Wednesday, 16 March 2011
Regulatory Standards Bill a Wolf in Sheep's Clothing
"The Regulatory Standards Bill introduced to Parliament yesterday is a wolf in sheep's clothing. Despite its bland title, the Bill could significantly change the relationship between Parliament and the courts. It would give unelected judges the sorts of powers that courts are not well equipped to exercise, and that should instead belong to democratically elected MPs," says Alex Penk, Policy and Research Manager at Maxim Institute. "Even the Treasury evaluation of the Bill, does not support it."
"The Bill is essentially a re-named version of the Regulatory Responsibility Bill that was analysed in a paper published by Maxim Institute in February. A number of serious concerns were identified by the paper's authors, Dr Richard Ekins and Chye-Ching Huang of the University of Auckland. All of those concerns apply to the Bill that is now before Parliament," says Penk.
"In particular, that paper argued that there was no solid evidence base for the proposed Bill, that it contained unorthodox and contentious principles, and that the role it would give to the courts is deeply problematic. The Bill would allow courts to issue declarations that a particular law does not meet the Bill's principles of good law-making if they think the inconsistency can't be justified. But this means asking courts to get involved in political value judgements. The courts would also be empowered to reinterpret provisions in other laws to make them more consistent with the Bill's principles. A re-interpreted provision could end up looking quite different to what Parliament originally intended."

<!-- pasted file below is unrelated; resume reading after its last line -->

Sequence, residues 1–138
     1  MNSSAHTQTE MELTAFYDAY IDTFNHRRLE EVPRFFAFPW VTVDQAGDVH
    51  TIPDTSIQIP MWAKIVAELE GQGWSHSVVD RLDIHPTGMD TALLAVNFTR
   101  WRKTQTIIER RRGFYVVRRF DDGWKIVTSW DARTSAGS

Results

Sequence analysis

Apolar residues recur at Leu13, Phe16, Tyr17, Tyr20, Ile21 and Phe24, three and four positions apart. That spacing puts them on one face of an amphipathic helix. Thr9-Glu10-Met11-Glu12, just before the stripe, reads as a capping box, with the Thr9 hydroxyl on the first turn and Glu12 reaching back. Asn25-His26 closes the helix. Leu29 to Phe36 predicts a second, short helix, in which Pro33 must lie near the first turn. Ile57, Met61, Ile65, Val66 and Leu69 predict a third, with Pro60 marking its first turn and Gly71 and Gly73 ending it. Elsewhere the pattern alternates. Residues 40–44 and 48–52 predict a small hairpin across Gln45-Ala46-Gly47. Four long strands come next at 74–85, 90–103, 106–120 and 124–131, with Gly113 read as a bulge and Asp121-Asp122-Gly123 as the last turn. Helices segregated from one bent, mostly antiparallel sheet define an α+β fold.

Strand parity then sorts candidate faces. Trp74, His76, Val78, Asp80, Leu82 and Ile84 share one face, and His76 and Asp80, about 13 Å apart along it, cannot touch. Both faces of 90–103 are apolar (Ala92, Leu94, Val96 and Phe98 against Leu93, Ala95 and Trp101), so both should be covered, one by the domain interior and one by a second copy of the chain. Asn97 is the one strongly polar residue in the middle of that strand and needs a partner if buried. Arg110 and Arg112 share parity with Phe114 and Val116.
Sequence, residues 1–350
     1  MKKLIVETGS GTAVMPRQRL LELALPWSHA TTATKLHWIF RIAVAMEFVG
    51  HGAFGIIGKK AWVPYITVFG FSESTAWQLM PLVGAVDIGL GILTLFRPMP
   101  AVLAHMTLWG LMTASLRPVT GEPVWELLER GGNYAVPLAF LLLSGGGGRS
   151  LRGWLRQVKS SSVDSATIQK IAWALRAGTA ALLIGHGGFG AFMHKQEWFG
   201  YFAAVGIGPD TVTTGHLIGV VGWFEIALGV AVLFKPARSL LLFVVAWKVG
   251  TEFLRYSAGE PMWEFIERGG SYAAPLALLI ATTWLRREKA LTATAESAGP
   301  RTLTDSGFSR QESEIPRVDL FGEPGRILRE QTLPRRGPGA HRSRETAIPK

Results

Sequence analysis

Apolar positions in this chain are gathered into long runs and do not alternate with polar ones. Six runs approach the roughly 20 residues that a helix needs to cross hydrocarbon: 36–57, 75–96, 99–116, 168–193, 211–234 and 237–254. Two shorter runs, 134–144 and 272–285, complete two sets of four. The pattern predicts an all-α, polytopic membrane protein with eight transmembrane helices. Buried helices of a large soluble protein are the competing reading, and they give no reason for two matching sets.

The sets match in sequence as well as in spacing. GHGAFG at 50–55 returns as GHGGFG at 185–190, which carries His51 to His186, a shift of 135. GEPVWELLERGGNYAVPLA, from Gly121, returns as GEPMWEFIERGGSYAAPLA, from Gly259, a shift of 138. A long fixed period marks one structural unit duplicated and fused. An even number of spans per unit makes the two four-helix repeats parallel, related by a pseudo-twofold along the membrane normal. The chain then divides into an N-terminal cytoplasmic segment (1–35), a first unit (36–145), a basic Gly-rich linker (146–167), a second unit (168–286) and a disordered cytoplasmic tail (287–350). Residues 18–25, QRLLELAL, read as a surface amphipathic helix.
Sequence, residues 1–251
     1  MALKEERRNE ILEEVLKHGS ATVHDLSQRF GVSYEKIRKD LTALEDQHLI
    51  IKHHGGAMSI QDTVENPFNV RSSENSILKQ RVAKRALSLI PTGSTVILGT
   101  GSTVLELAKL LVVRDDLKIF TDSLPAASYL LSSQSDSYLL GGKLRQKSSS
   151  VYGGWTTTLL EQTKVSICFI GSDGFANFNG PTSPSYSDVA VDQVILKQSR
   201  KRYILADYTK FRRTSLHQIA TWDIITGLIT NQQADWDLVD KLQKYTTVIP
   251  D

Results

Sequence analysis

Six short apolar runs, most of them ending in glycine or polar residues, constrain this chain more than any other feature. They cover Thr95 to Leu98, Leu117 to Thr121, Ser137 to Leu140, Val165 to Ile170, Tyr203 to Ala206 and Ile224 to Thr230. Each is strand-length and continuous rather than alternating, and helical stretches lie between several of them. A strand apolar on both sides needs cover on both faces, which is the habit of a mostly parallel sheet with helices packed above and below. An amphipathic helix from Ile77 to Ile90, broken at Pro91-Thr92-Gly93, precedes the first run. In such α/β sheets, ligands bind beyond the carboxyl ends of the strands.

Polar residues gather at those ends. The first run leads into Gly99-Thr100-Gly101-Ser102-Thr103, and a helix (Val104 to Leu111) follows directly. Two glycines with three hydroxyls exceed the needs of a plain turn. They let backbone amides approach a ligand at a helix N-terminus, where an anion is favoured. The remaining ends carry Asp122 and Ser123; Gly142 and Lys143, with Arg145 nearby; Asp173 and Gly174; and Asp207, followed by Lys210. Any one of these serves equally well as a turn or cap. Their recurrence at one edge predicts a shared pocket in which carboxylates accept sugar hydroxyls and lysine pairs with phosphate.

"While everyone can and should agree with the intention to improve the quality of our law, the Bill misfires," says Penk. "Parliament should vote against the Bill when it comes to its first reading."